My answer to the question is simple – but it is not easy. I believe our outstanding retention rate is driven by the rigor of our selection process. If you get the right people, in the right role, you greatly increase the chance of the person staying with you.

Here are a few principles to help you think about your selection process.

  • The more clarity you have about the role, the better your selections.Do you know what the role requires for success – specifically? If you do, don’t select anyone who doesn’t have what you need. If you don’t know, stop the interviews until you do.
  • Selection decisions are too important to be made by a single person. Involve multiple interviewers whenever possible. Listen to all concerns. For years, we wouldn’t select anyone without complete agreement. We’ve lowered our standards a bit in this regard, but we still listen to everyone who interacts with a candidate.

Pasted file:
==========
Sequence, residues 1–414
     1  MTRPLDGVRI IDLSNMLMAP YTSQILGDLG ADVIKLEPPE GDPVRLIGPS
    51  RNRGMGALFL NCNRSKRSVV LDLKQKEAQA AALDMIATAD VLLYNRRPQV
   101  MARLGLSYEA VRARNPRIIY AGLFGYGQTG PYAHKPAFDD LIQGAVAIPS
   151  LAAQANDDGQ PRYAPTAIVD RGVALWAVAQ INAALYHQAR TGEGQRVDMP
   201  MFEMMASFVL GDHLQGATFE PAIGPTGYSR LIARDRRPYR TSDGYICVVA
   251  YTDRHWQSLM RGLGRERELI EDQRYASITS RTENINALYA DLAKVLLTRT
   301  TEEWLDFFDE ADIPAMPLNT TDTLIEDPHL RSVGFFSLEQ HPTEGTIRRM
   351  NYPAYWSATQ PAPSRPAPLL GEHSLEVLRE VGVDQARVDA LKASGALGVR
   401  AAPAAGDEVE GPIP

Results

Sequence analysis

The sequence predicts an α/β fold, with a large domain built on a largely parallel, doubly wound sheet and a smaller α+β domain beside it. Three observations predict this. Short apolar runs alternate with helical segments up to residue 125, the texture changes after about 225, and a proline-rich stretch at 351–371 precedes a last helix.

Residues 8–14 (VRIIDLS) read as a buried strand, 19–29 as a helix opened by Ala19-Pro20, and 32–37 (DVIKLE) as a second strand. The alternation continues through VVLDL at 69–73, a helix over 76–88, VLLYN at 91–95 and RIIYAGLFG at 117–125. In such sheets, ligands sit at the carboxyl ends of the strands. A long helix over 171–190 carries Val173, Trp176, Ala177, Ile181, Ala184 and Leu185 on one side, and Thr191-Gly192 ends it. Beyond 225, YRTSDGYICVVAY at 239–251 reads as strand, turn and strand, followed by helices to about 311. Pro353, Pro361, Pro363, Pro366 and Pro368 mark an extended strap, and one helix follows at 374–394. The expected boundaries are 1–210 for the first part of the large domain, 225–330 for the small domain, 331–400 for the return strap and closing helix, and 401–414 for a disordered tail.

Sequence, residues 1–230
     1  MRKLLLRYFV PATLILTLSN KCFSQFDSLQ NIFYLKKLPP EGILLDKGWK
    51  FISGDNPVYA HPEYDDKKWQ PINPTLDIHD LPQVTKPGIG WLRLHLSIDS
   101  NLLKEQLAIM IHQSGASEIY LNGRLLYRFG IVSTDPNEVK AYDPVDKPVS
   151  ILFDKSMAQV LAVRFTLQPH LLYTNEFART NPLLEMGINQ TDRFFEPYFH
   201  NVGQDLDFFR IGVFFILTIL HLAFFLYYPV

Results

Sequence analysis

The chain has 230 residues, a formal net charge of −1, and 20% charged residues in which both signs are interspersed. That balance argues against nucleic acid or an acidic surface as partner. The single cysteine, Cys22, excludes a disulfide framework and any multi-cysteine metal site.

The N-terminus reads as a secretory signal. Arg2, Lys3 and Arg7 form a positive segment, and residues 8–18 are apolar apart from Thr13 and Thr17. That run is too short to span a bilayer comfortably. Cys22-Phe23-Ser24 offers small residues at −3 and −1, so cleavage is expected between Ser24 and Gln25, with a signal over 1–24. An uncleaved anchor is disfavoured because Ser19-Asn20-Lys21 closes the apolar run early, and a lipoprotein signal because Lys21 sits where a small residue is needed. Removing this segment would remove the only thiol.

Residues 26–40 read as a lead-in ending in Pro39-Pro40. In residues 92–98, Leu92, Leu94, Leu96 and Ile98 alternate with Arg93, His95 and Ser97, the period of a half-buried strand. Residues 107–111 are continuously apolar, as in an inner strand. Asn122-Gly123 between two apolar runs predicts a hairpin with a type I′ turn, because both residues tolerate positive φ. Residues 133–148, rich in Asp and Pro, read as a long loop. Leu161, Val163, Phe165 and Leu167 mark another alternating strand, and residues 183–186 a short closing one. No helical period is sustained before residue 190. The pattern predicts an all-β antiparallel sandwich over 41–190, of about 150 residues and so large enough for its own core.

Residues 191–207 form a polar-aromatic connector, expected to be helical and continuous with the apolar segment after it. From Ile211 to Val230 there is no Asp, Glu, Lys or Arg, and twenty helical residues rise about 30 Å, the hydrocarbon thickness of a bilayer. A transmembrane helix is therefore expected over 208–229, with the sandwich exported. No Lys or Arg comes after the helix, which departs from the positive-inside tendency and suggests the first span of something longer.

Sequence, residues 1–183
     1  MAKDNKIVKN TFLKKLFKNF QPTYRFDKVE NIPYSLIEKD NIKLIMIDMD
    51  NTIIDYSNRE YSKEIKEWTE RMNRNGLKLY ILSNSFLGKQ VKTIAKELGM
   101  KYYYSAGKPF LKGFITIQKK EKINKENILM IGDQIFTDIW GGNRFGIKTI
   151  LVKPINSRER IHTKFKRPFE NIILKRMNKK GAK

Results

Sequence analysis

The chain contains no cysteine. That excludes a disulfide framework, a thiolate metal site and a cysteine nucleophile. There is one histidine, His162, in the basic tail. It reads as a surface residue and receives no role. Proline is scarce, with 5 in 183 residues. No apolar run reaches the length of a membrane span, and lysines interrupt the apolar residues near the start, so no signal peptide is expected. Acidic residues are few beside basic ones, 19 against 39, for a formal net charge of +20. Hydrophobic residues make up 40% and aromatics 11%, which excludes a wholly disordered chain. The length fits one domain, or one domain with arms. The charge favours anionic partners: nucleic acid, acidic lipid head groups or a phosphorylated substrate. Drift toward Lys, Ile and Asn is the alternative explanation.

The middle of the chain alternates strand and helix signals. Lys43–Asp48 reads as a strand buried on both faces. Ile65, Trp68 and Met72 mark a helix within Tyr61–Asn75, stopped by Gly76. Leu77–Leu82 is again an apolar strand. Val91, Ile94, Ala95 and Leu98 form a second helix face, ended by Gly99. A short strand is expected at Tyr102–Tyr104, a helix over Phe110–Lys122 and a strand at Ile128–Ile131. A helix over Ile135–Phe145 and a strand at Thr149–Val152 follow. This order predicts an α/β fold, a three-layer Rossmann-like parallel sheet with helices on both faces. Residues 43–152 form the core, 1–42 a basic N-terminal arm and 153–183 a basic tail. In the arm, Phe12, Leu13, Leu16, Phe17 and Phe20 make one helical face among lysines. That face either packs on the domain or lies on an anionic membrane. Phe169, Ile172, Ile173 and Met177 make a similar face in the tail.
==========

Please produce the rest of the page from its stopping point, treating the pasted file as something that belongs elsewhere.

• If you select for the long tenure, your decisions will improve. If you believe you’ll have to work with someone for years, or decades, your standards will rise and so will your retention. We know people may not work with us forever, but if we act like they will, we make better decisions.
  • We’d rather lose a candidate than an employee.For decades, one of our practices has been to try and talk people out of accepting a job on our staff. If we can talk them out of it before they start, we believe they weren’t the right person to start with.